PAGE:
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Residents look on during the rescue operation after a deadly fire at a garment factory in Karachi, Sept 12, 2012. — Photo by AFP

KARACHI, Oct 8: As the report of the Sindh government’s inquiry tribunal set up to investigate the Baldia Town factory inferno is keenly awaited, the mystery behind the deadly incident is deepening with each passing day, with more than 70 families of missing Ali Enterprises workers still looking for their loved ones and 39 charred bodies being kept at the Edhi morgue.

While the authorities are firm on 259 deaths in the last month’s tragic incident, the number of persons who were inside the industrial unit at the time of the fire and missing since put a serious question mark over their fate and the total number of casualties.

Background interviews with grieving families and interaction with labour and non-governmental organisations engaged with these families after the tragedy suggest that there are more than 70 families in the Baldia Town, Orangi Town and SITE whose loved ones have not yet returned home after the fire incident, which has turned the Ali Enterprise factory into a haunted place.

Amna Bibi is passing through dual tragedy. She is unaware of the fate of his paternal cousin Kamaluddin, a ‘helper’ at Ali Enterprises.

Nobody has approached her to confirm his association with the industrial unit. The 66-year-old labourer was posted at the second floor of the garments factory, where most of the casualties took place.

“He had been living with us since childhood when his parents died,” she said. “He was unmarried and had no one in blood relation. After the incident, we have made every possible effort to trace him or his body in vain. People said he was dead, but how one could believe it without seeing his body.” Since the labourer had no sibling or child, no blood samples had been taken for DNA matching with the unidentified bodies.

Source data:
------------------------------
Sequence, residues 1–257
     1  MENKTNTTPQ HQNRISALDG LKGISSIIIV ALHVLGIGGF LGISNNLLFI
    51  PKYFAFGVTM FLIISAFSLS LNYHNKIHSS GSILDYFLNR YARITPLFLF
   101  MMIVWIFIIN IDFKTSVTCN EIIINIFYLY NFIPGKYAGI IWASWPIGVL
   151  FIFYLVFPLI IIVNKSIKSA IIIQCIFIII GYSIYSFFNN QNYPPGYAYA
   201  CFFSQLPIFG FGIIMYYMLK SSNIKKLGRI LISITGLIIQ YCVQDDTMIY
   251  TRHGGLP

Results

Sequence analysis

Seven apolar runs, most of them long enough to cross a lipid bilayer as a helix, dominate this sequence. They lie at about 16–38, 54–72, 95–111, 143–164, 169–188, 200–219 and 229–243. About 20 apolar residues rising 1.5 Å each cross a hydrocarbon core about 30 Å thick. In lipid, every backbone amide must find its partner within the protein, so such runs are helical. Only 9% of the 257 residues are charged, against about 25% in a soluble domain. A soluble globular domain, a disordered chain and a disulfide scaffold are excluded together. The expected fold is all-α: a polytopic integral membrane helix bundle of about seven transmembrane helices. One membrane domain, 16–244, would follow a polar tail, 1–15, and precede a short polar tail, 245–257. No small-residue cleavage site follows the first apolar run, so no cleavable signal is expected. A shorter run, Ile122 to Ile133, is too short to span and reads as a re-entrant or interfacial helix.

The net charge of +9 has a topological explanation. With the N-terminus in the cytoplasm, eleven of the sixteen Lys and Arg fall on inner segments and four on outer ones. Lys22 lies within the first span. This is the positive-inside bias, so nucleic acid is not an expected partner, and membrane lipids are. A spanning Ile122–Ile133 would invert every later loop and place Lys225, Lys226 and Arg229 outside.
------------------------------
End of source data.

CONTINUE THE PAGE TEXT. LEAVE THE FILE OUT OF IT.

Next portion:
Amna Bibi is not alone as Rehana Yasmin of the Hosiery Garment Textile Workers Union says her organisation has so far collected details of more than 60 families, which are unaware of the fate of their loved ones, employed at the factory.

“We have completed a survey of Badia Town and Orangi Town in collaboration with Piler (Pakistan Institute of Labour Education and Research),” she says. “Here we have 65 families whose members have been missing after the fire incident. If they have died, the casualties are much higher than reported as 39 bodies are yet to be identified.”

Similarly, she says, the union also came to know about New Karachi and SITE areas, where the families of Ali Enterprises workers are looking for their loved ones and their count could further increase the number of missing persons to more than 70.

The authorities have declared a total of 259 deaths in the fire that engulfed Ali Enterprise on Sept 11 evening and took more than 18 hours to extinguish with over 50 firefighters taking part in the operation using almost all available machinery and equipment of the city’s fire department.

Rescue workers insist that they cleared the industrial unit only after retrieving all bodies, including several charred ones, from the garment factory.

“The limbs and other parts of bodies were also recovered from the factory after the fire died down, but not in a huge number,” said chief fire officer Ehtashamuddin. “Almost all bodies are intact and it’s not possible that human remains in such a large number remained out of rescue workers’ sight.”